Innovation Isn’t Found in Conventional Relationships
Finding similarities between different things is key to formulating creative solutions. It’s not surprising to find connections between things that are compatible, alike, or complimentary to each other. Breakthroughs occur when seemingly unrelated elements from diverse domains are brought together in an unexpected context or frame of reference. Interestingly, once the radical idea is embraced and adapted, the initial surprise of its unique combination only seems natural. This occurrence can partially be explained by our natural fixation on what an object is “supposed to be” based on its historic, prevailing and accepted definition.
A rounded butter knife, for example, is used to spread butter and is considered within the context of food and a table setting. But in absence of a flat head screwdriver, a butter knife could work equally well to loosen or remove a screw. This isn’t very surprising when you look at the essence of what makes a screwdriver and what makes a butter knife. Both are made of metal, both have a handle, both are flat at their tip, and they both could fit in a flat head screw to tighten or loosen it. Because a butter knife is considered a dining utensil associated with soft and smooth edibles (butter, margarine), and a flat head screwdriver is considered an industrious tool, thought of in terms of dusty construction sites and unsanitized settings, the two aren’t often displayed, seen, or thought of together in conventional circumstances.
Things That Are Different Can Also Be the Same
While those who consider a butter knife and screwdriver “different” are correct, they are no more accurate than others who see them as similar when comparing their characteristics. From this
example, it’s easy to see either the differences or similarities …depending on your perspective. To look at things in consensus with the norm is to confine your efforts within the parameters of their standard definitions. When you break free from the fixations of perceptions driven by the influence of their definitions, traditional usages, and anticipated applications, the easier it is to see the potential through novel connection, combination and transformation.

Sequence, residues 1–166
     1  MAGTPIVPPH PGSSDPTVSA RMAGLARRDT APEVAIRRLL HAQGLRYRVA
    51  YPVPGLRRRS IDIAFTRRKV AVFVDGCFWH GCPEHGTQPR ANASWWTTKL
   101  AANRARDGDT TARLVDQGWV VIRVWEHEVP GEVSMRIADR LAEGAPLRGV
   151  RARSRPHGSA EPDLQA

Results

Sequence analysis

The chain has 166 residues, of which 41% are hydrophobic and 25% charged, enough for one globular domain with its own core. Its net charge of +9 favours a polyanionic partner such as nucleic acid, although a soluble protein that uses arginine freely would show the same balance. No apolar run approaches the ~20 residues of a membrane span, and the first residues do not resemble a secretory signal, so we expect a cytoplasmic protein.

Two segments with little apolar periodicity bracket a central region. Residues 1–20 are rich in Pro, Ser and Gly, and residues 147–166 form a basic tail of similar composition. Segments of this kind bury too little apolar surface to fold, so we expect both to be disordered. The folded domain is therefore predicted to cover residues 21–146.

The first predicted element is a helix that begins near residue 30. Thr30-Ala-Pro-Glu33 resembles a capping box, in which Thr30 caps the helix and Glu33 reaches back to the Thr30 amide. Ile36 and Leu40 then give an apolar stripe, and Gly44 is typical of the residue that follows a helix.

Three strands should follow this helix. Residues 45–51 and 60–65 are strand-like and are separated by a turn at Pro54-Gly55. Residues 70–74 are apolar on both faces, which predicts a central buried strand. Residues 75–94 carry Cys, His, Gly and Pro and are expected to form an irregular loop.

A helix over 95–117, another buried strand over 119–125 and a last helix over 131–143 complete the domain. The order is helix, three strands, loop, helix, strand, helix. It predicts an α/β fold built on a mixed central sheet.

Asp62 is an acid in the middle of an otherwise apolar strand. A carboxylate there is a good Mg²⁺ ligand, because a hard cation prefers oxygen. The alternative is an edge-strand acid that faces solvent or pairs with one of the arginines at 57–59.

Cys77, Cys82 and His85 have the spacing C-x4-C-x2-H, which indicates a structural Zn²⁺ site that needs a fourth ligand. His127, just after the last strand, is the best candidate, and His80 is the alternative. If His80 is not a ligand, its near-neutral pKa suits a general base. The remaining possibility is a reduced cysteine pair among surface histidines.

“Just because it is, doesn’t mean it has to be” Morris Sneor.
When looking for a creative solution, a creative design or a breakthrough idea to make your website stand out or function in a unique way, keep these points in mind.
- When trying to solve a problem or create something new or different for your company, look with intent to find its essence. Recognize, what you are really looking at in objective terms. Do you see a butter knife or a flat piece of polished metal?
- Think about what you are trying to accomplish before deciding on a method or means of achievement. This will help you find the root of the problem. Premature judgments that lead to obvious solutions occur when the problem is considered so simple and not worth a second thought. When you only consider alternatives within the same domain as the original problem, the results are usually flat, predictable, and safe. By understanding the bare essence of what you are looking it, you could cross domains, unconventional inspirations to stretch your universe of options, beyond the obvious.
- Once you understand the goal you’re trying to accomplish, broaden your focus from the tools in front of you and see how you can turn the mundane butter knife into the tool you need.
How you see what’s in front of defines your ability to flip your perspective on how your options can be used together to find creative, novel breakthrough answers. Make the effort to think beyond the pre-existing notion of how things are “supposed to be” and open the potential for innovative creativity for additional alternatives you may never have considered before.